Case Study : Sports & Entertainment Districts Sacremento, USA (development proposal) Context

Case Study : Sports & Entertainment Districts
Sacremento, USA (development proposal)
In Sacramento, the capital of California, USA, plans for a new sports stadium to replace the
existing ARCO Arena initiated a considered effort to integrate the stadium into the city. The
question of how to use it as a catalyst for a new development persisted. The city wondered
whether it should (1) construct a stadium as part of a coordinated, multi-use, master-planned site,
or (2) construct a stadium without such supporting development. The city commissioned a study
to answer this; the resulting plan, for a ‘Sports and Entertainment District,’ has not yet been
developed, but the planning process is instructive to Foshan.
The proposed site, 240 acres of underused rail yards in the heart of the city, sits adjacent to the
waterfront river but is separated from the amenity by an existing highway corridor. Additionally,
the site is adjacent to downtown Sacramento, the Central Business District, and the city’s historic
area, “Old Sacramento.”
Key Features
The main reason for developing a “Sports Entertainment District,” rather than engaging in
piecemeal development, was to build natural synergies between uses. Several sites were
considered for the project, which were assessed based on selection criteria. These incorporated:
“Access” to the site; “Arena Factors” based on parking requirements and arena construction
parameters, especially the ability to sink the floor 25 feet below ground; “Cost Factors”; “Synergy
& Impact” from and to the surrounding area; and “Urban Design,” insofar as new development
bettered the city.
The project was to include several kinds of development:
A 60-acre residential community with approximately 3,000 housing units at a density of
65 units per acre was planned to be constructed in roughly two phases: (1) low-rise
apartments and townhouses, and (2) high-density stacked apartments. The first phase
was to be primarily rental; the second, for-sale.
Office use was planned in several areas of the site, totaling 4.95 million square feet of
Retail was planned for ground floor areas, the success of which was deemed dependent
on the development of the ‘Sports Entertainment District’ rather than just a stadium
Hotel space was considered, but no firm recommendations were made as to size or
quality. Final considerations were to be based on hoteloccupancy and room rates,
presumably to be delivered upon by seasoned hotel developers.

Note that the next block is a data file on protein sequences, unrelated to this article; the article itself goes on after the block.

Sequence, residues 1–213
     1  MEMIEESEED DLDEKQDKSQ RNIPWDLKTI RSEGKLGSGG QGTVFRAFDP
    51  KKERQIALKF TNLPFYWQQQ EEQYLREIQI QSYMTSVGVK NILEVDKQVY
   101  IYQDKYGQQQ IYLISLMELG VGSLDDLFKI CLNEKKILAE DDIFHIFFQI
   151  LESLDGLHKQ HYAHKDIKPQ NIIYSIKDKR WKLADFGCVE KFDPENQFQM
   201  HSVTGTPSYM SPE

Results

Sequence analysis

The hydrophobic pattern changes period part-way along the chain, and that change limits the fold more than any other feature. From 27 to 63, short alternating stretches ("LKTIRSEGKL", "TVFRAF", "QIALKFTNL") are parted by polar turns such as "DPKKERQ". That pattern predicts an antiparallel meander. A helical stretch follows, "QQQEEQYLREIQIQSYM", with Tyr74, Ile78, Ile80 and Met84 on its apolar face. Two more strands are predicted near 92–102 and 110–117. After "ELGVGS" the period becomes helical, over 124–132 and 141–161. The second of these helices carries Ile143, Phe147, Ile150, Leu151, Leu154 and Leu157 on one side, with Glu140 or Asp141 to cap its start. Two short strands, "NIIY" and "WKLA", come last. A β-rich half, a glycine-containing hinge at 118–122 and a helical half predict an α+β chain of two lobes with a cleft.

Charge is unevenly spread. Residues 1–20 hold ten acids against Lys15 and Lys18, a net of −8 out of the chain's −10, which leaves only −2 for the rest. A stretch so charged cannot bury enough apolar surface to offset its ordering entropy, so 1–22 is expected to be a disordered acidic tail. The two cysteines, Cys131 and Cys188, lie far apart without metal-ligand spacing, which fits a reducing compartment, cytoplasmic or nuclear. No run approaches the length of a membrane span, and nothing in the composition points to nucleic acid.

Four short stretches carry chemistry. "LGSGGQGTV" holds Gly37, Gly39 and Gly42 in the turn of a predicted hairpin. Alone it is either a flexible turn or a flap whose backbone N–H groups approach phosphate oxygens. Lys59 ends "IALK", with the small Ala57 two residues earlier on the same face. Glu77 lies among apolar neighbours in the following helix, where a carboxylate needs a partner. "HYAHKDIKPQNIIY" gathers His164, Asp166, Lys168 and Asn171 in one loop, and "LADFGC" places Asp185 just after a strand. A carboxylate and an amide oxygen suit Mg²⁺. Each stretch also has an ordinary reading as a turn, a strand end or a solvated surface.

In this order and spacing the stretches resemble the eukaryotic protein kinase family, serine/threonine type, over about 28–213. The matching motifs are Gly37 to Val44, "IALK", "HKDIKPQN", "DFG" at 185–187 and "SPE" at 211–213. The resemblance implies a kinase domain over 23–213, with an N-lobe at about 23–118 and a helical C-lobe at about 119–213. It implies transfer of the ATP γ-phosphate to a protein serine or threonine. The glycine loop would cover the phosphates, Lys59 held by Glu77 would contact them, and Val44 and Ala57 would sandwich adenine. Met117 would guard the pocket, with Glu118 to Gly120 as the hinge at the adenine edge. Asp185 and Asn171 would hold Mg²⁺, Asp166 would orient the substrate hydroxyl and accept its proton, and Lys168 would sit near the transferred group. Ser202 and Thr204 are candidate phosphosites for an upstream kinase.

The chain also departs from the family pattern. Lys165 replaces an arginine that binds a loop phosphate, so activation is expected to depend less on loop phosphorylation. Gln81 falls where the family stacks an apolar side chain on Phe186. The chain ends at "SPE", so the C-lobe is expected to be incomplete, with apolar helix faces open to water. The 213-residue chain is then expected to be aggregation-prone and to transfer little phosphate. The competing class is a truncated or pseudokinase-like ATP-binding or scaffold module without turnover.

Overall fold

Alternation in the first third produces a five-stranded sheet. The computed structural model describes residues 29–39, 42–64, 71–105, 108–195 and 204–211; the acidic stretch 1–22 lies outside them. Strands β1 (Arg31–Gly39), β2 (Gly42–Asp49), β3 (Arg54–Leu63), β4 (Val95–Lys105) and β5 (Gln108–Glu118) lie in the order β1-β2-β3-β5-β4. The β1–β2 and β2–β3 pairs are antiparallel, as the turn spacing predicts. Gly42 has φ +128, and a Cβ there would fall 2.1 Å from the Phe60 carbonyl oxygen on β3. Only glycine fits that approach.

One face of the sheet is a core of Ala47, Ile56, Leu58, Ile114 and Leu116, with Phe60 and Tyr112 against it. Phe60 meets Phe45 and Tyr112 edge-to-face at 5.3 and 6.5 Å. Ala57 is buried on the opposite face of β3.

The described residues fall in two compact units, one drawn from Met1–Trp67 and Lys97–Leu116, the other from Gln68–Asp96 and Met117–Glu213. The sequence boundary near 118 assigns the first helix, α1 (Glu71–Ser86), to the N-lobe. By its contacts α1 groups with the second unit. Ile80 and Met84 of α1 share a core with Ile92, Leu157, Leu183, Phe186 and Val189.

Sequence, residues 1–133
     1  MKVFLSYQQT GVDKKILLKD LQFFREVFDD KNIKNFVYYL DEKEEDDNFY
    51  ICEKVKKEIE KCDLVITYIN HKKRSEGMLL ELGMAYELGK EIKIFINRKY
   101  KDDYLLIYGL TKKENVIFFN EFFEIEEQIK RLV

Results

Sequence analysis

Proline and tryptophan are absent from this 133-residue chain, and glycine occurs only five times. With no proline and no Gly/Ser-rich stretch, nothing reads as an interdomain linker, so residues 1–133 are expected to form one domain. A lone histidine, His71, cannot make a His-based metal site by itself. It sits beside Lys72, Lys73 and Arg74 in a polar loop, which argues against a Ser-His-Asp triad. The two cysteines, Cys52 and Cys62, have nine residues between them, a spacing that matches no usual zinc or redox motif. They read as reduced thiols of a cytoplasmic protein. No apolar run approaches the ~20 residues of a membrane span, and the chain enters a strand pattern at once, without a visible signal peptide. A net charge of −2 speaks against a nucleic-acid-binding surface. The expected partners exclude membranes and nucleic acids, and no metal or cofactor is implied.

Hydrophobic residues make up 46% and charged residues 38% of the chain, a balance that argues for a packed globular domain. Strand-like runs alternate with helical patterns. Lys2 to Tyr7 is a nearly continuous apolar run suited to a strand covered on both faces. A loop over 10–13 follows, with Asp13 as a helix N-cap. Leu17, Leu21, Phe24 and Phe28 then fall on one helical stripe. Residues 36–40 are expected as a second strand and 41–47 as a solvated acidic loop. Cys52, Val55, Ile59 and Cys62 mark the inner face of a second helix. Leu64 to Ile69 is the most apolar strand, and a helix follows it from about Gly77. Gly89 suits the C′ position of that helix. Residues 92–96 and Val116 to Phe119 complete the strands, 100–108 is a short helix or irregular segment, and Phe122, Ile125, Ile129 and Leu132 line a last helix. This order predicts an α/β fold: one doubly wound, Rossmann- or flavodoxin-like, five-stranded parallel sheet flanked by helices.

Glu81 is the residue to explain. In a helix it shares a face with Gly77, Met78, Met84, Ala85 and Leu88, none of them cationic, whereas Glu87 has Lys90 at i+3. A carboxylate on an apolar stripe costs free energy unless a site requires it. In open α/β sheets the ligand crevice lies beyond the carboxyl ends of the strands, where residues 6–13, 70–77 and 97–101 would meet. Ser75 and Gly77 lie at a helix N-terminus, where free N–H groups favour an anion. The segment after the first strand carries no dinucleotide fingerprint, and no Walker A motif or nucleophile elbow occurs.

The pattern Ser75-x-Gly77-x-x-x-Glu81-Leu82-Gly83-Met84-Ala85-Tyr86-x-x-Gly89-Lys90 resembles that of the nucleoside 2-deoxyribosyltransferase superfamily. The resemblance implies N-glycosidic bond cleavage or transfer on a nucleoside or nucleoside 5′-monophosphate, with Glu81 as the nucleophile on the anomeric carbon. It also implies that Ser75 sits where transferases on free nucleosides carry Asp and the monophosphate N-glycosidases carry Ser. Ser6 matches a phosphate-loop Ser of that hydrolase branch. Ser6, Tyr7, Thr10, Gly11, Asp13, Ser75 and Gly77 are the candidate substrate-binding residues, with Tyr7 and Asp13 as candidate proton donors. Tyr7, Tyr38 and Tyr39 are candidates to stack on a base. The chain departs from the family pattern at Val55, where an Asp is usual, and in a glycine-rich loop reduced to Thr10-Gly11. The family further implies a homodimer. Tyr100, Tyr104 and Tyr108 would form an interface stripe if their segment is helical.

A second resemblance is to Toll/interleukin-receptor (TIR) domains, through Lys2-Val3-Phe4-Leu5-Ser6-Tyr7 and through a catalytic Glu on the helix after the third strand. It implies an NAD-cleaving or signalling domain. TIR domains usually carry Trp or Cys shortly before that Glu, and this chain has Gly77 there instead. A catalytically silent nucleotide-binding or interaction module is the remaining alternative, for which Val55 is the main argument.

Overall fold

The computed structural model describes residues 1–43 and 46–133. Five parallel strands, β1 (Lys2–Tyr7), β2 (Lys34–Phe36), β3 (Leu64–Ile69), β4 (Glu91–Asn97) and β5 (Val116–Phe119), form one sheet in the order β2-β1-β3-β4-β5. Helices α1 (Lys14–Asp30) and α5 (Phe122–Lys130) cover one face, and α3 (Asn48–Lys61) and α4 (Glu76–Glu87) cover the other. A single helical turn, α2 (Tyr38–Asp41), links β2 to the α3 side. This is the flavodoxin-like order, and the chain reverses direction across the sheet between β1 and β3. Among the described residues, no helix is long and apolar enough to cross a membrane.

Culture and leisure amenities were incorporated from the beginning. A “Railroad
Technology Museum” was planned as a cultural attraction, and open space was inserted
throughout the site.
Process and Implementation
As an existing rail yard, the primary challenge of the site was supplying infrastructure and utilities;
this was a necessary precondition to redevelopment. Access consideration was based on shortterm (5-year) and long-term (10-year) requirements. The main efforts were rationalizing
interchanges, widening roads, and providing public transportation options. Shuttle bus services
were deemed appropriate for heavy-use periods. Surface parking and “backbone sewer, sanitary,
and stormwater” systems were important to site success. To develop ‘priority’ infrastructure, plans
called for $73 million of investment; ‘recommended’ levels of infrastructure were projected to cost
$118 million; and total long-term infrastructure was estimated at $234 million. Development in the
southern portion of Foshan involves similar obstacles, as infrastructure provisions are a central
concern for the concentrated development that occurs in stadium areas; roads and other access
paths to such a high-use area are vital to project success.
The ability of the market to absorb new developments was also considered a fundamental factor
to project success. Documentation suggests that the absorption of new development would be
higher in the case of a planned ‘Sports and Entertainment District.”
Cost-Benefit Analysis:
Benefits of the project are assumed to be the creation of jobs and economic multiplier effects:
“more than $1 billion in construction period impacts to the greater Sacramento region (including
approximately 19,500 jobs); and more than $383 million in regional economic impact
(approximately 12,700 jobs) annually.” Additionally, the project was assumed to improve city
morale and encourage more development -- as well as shift national media attention to the city.
The point of this study is to consider the real estate benefits that can accrue from co-locating
similar uses, and thereby creating an area that is better used than one that develops without